In Shlomo Aloni’s book Israeli A-4 Skyhawk Units in Combat I read two interesting points about the air campaign over Lebanon in 1982. The first is just the numbers of A-4s that were available for Close Air Support (CAS) missions once the SAM batteries were suppressed. The aircraft often ended up flying a racetrack route waiting to be called. Units with an FAO will be able to call in a lot of airpower, within the rules of engagement. I am sure this will make many IDF players happy playing that side. An A-4 can bring a lot of ordinance. I can see there will be an offset in victory conditions to balance that out.
The second item was the impact of the War Cabinet on Operation Peace in Galilee in general and the air campaign in particular. I knew that in 1981 (pre Peace in Galilee) two Mi-8s were shot down by an order given by the cabinet. They made the decision and than afterwards tried to reopen debated. The IDF/AF Officer had to inform the cabinet that the order was already carried out and the two helicopters were shot down. This was all done in less than a half an hour.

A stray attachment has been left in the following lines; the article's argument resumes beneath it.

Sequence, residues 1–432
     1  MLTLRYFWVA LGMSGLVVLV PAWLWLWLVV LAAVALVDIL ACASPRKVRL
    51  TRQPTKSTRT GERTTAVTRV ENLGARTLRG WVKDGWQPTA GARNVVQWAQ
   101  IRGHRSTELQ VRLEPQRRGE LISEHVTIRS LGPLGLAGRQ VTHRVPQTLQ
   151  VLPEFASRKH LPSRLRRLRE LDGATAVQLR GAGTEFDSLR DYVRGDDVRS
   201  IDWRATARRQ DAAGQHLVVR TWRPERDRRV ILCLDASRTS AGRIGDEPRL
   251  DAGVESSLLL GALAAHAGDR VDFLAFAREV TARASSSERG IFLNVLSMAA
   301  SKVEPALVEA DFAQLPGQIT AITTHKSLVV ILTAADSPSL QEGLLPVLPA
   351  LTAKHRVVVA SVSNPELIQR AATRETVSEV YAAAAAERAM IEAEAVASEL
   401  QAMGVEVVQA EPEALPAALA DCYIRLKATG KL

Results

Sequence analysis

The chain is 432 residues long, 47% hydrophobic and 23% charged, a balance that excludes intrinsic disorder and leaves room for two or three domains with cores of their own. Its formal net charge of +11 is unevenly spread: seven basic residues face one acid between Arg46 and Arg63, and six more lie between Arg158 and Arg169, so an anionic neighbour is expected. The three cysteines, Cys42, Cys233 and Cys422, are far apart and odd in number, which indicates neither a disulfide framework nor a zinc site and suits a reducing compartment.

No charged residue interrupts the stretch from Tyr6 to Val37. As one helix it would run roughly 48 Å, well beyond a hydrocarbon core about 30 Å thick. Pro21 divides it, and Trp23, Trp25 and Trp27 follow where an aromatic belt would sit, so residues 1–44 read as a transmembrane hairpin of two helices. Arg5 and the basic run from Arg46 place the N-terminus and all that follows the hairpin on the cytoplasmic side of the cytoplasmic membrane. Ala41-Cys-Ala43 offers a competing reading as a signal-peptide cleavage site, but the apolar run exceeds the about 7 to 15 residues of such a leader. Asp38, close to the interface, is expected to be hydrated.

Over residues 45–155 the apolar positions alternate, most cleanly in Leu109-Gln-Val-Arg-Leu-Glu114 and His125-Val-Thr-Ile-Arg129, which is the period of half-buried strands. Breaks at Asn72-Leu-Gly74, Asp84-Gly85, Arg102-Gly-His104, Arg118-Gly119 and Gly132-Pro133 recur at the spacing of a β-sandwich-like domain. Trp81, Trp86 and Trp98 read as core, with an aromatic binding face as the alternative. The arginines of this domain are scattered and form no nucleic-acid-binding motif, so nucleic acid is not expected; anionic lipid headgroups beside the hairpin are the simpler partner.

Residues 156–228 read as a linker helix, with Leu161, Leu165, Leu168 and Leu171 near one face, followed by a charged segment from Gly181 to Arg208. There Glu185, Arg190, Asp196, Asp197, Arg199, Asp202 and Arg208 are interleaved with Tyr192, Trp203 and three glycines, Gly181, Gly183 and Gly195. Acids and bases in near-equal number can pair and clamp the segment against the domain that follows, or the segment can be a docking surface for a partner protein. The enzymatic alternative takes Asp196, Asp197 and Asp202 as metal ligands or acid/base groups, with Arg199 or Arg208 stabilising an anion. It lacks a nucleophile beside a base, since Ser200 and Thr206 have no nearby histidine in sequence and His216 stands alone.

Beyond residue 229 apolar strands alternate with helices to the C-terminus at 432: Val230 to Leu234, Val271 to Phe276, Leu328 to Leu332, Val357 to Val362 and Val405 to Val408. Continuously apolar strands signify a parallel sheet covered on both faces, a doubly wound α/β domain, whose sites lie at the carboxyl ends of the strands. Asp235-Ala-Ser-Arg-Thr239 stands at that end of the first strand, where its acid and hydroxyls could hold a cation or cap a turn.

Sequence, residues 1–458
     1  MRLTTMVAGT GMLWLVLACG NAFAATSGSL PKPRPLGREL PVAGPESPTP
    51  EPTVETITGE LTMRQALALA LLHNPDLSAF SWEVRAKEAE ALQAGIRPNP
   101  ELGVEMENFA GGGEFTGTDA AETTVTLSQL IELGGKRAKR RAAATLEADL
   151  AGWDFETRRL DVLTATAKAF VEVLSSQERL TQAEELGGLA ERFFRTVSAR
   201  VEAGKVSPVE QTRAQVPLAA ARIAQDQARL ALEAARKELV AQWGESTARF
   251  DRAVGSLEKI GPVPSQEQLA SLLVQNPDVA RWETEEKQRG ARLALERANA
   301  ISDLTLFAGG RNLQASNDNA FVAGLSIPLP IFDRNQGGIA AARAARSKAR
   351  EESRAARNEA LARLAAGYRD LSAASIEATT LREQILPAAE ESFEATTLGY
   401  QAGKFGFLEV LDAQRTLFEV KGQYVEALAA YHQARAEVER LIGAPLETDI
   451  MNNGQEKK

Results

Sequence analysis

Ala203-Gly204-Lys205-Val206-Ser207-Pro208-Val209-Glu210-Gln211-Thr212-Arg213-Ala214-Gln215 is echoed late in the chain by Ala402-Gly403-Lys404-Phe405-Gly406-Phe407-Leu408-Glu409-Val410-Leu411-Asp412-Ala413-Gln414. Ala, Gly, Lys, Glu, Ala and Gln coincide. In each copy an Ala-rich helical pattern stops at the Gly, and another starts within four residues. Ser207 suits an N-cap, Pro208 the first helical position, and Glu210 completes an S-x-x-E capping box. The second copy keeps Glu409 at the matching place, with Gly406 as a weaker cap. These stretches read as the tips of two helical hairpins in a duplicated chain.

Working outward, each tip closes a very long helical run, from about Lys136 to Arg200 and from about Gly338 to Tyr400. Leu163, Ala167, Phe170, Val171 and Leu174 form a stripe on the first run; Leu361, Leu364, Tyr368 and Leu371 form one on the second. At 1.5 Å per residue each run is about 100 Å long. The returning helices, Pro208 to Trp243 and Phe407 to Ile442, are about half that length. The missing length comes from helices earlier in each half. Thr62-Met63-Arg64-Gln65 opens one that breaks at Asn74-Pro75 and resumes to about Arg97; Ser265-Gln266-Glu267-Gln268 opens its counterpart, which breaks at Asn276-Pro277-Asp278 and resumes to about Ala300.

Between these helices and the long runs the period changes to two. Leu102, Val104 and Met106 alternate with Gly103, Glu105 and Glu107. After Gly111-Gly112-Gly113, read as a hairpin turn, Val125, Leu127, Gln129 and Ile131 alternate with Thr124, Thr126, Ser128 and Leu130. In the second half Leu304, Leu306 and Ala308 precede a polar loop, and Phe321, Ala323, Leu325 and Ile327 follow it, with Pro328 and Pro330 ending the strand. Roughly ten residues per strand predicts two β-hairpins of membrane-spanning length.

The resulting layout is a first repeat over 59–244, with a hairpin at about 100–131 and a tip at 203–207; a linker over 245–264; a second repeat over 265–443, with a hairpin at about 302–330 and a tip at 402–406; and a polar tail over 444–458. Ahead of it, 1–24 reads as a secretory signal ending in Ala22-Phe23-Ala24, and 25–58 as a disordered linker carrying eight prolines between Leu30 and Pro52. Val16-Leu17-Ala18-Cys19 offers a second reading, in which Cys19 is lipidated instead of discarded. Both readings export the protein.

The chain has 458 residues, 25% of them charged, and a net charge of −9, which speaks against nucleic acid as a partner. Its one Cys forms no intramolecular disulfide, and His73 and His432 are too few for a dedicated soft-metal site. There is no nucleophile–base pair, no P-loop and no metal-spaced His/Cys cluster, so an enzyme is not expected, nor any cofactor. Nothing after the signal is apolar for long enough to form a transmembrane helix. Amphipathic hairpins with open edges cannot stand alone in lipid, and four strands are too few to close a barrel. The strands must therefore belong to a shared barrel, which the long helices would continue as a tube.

What this book pointed out to me was that the ground and air operations were started and stopped as the War Cabinet debated Mole Cricket 19, the SEAD mission against the 19 known Syrian SAM batteries. This was going to expand the war even though the IDF and Syrian forces were already shooting at each other. This would be an interesting addition to any campaign or scenario design. In a campaign game, as the IDF player is marshalling his or her forces, they will need War Cabinet approval to move forward while also racing against the clock to complete the campaign before a United Nations ceasefire is imposed. All makes for an interesting game.